Most vets don't know how to set up properly a practice's Facebook page. Tassava (4) shares the most common social media problems she sees - and explains how to properly promote your practice.
Mistake 1: Accepting friend requests on your practice's Facebook page. If you're receiving friend requests, then you've set up your practice's page as a personal profile rather than a business page. This can lead to major problems - namely the potential to get kicked off Facebook. Your clients should only be able to "like" your page. No worries, though; switching is an easy fix. Once you sign into Facebook, click on the "Account" button in the top righthand corner, then click on the "Help Center" to find instructions.

Mistake 2: Believing social media will take up all your time. While it's easy to spend hours looking at pictures on Facebook and stalking celebrities on Twitter, this doesn't mean you have to be sucked into social media oblivion. Take time every Monday to plan out your posts and tweets for the week. Make a calendar strictly for social media so everyone knows the plan. Also, be sure you're receiving e-mail notifications when people comment or post to your social media sites. This will eliminate the need to log on frequently.

Mistake 3: Rejecting social media opportunities if you're older than 24. Don't confuse maturity and professionalism with being hip and cool. Social media doesn't require a lot of technological know-how and is user-friendly. If you're in charge of posting for the practice, make sure you know what's going on at the practice at all times so your posts are useful and relevant to your clients.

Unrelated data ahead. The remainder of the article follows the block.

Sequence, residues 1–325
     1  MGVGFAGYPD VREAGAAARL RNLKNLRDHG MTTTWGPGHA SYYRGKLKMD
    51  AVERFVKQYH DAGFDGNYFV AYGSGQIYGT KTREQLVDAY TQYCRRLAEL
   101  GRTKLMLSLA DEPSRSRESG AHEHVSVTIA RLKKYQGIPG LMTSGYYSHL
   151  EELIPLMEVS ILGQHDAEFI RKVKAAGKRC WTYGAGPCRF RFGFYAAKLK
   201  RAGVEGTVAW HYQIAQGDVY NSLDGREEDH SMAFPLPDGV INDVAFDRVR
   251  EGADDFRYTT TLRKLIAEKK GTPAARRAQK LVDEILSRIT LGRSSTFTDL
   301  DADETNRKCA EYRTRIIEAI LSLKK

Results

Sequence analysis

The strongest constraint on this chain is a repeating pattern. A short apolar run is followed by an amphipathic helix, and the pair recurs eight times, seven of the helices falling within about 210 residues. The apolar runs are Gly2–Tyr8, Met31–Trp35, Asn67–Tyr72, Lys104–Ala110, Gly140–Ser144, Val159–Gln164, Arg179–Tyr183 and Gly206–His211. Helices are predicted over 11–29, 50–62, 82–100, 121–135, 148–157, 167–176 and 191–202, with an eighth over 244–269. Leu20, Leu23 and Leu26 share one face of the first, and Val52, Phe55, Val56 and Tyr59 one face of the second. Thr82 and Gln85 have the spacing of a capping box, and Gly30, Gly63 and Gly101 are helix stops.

Mistake 4: USING ALL CAPS IN YOUR POSTS. This is the equivalent of yelling at clients. You don't want to offend loyal pet owners when speaking with the practice's voice, so check out other business sites to pick up on proper online etiquette.

Veterinary Economics. Every veterinary practice suffers from a large number of clients not coming for the annual health screening or treatment. Clients can purchase veterinary products from pet shops or online for de-ticking and de-fleaing, skin disease and anti-diarrhoea products. More convenient and much cheaper. Steve (5) believes that social media can be used to build a rapport and education for the client via email and social media and linking the educational information to the traditional vaccination reminder cards or handouts on diseases posted to clients. When the veterinary team members take the time to explain the importance of these exams, most clients see the value in them because they want what's best for their pets.